Government Sidesteps Questions on Privacy Rights

Replying to a question asked in the Rajya Sabha on July 31, Union Telecom Minister Ravi Shankar Prasad admitted the government was aware of a suspicious injection of code into the Airtel 3G network in the country, originating from an offshore Israeli company, in June this year. In response to a follow-up question, also asked by independent MP Rajeev Chandrasekhar, Prasad added that his ministry had sought a “detailed report” from Bharti Airtel.

The instance of code-injection that Chandrasekhar referred to concerns a script that was injected without the permission of Thejesh G.N., a Bengaluru-based engineer, into his blog and which subsequently loaded advertisements on the page. Thejesh had uploaded snippets of the code onto GitHub, which was met with a takedown notice from Flash alleging that they made up “proprietary” material.

According to Prasad, Airtel’s report maintains the code was inserted to “be made aware of the data usage in terms of megabytes used” – a defence Airtel presented in a public statement following The Wire’s report in June. However, experts remained unconvinced then because any script that tracked data usage would have no need to load advertisements on the pages it was inspecting. In fact, they had expressed suspicion that Flash was displaying advertisements to make money for Airtel.

Flash’s website states that it provides monetisation services to its clients, while a press release from 2014 notes that Airtel is Flash’s client – as is Vodafone. The latter ISP has also been spotted injecting third-party software into browsers without users’ permissions. Despite this broader context, Prasad’s reply indicated he was satisfied by Airtel’s response to his ministry’s ‘probe’.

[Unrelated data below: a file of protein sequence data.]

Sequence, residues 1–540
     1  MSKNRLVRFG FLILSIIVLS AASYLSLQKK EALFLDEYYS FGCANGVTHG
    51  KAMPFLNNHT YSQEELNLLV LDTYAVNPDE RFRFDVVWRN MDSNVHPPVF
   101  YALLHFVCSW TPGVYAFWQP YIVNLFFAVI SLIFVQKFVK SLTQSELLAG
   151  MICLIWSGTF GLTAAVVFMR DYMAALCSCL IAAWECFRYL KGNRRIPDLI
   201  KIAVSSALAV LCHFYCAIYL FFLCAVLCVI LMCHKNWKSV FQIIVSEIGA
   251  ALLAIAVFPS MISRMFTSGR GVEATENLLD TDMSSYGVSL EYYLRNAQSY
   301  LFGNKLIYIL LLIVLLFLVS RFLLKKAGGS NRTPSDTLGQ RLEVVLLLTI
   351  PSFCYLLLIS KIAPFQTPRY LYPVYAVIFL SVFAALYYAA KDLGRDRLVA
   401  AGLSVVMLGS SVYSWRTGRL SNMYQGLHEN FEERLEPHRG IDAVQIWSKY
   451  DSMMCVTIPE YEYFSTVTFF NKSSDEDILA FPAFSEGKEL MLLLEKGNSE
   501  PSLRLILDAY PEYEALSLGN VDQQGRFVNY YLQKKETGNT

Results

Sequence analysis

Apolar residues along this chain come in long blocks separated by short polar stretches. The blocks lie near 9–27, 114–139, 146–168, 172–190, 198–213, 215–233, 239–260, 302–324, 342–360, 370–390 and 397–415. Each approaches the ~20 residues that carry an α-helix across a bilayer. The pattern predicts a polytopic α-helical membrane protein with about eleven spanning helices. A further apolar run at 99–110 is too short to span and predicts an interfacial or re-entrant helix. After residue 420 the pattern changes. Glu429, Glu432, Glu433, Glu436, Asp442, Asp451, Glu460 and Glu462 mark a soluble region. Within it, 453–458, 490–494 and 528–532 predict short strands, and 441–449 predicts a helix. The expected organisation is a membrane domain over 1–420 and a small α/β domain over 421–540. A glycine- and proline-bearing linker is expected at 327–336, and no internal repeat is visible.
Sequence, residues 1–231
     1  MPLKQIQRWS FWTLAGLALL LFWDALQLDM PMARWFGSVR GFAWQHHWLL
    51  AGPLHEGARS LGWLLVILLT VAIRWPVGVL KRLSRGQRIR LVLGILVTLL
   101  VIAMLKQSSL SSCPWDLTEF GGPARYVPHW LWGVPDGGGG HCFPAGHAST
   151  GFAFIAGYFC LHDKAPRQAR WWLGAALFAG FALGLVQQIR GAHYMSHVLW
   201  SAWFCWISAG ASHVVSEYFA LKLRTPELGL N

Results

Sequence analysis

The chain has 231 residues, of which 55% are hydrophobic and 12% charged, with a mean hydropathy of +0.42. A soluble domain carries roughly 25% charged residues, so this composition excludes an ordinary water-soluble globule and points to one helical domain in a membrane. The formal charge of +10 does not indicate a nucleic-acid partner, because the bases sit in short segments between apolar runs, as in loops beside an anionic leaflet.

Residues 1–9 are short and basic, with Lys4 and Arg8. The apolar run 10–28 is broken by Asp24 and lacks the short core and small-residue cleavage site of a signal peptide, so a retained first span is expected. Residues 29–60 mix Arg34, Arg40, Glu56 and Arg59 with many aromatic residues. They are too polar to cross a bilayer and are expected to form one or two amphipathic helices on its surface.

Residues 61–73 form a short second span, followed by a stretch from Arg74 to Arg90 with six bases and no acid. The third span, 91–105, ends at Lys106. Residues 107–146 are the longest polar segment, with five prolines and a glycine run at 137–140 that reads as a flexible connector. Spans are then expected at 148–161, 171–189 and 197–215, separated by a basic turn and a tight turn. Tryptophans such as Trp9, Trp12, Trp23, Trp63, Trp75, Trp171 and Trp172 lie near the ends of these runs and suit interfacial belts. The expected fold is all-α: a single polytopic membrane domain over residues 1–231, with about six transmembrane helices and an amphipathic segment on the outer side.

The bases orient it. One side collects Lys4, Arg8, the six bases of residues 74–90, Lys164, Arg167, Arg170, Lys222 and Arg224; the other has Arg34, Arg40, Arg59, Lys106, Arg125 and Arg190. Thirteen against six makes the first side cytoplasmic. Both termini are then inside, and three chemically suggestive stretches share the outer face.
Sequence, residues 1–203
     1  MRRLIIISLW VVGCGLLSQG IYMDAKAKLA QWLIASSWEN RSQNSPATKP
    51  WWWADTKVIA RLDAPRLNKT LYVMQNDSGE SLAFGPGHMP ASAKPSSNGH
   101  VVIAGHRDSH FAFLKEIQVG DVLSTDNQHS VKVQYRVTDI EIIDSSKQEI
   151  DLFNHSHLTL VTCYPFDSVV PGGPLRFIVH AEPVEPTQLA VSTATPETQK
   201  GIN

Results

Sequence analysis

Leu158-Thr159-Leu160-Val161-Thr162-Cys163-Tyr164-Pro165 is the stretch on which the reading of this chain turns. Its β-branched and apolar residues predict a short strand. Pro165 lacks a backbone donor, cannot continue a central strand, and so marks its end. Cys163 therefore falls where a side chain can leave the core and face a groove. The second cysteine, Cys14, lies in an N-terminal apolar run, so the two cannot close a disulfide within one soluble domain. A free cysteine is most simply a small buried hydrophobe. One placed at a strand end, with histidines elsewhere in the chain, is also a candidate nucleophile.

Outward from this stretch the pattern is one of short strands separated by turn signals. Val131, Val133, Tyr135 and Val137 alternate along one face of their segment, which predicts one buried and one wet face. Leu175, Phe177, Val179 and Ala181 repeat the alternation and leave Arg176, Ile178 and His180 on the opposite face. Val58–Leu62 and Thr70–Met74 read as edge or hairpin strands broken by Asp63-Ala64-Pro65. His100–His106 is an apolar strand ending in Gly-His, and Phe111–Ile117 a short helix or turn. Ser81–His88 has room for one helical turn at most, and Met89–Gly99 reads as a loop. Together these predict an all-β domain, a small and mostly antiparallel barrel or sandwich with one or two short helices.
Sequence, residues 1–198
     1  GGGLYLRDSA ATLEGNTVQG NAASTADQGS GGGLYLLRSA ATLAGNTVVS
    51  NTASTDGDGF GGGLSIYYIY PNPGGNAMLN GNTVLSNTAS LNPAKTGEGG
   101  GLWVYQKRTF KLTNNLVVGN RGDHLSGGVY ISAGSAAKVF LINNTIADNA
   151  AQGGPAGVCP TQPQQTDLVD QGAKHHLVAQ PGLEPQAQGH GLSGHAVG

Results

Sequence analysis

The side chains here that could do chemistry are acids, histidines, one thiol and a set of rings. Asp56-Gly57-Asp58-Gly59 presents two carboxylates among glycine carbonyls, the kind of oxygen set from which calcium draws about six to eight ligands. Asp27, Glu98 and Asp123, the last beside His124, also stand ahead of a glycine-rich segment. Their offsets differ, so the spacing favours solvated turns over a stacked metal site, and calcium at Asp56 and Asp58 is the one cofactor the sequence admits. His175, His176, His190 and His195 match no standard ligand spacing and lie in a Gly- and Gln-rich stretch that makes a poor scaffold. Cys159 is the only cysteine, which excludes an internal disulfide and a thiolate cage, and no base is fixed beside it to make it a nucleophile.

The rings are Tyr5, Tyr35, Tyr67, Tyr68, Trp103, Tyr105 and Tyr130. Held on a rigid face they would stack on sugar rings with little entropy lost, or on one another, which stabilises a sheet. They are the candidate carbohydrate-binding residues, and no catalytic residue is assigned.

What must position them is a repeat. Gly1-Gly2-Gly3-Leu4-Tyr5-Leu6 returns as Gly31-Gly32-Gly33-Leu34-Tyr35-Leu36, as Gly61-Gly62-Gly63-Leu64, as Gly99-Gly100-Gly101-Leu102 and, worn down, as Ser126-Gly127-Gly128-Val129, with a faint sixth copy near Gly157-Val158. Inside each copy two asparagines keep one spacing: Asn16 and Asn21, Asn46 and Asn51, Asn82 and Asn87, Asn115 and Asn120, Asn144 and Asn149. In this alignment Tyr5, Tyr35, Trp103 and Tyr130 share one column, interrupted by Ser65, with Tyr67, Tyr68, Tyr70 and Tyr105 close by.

In fact, Chandrasekhar’s third – and last – question invited a specious answer from Prasad: “Will the Minister … be pleased to state whether the Ministry believes that there is an urgent need to enact a privacy legislation to protect the rights of citizens vis-a-vis the various official databases of Government which collates information about citizens?”

Mindful of its implications for a constitutional right to privacy, this question has been asked to the government at various times only to receive answers ranging from evasive to dissenting. This time was no exception.

Prasad replied in detail about there already being legislation to ensure Internet and telecom service providers’ databases were secure, especially against information irrelevant to the provision of their services as well as against data theft. He also invoked Sections 43, 43A and 72A of the Information Technology Act 2000 to describe, first, that any collectors of personal information must provide a privacy policy and, second, the compensation available for victims of data-theft – effectively circumnavigating the question of a government-operated database.

Most recently, talk of such a database has arisen with the Department of Biotechnology’s pushing a Human DNA Profiling Bill – earlier planned to be tabled in the monsoon session of Parliament – which will set up a database of DNA profiles derived from people charged with criminal offences, missing people, unknown dead people and from volunteers.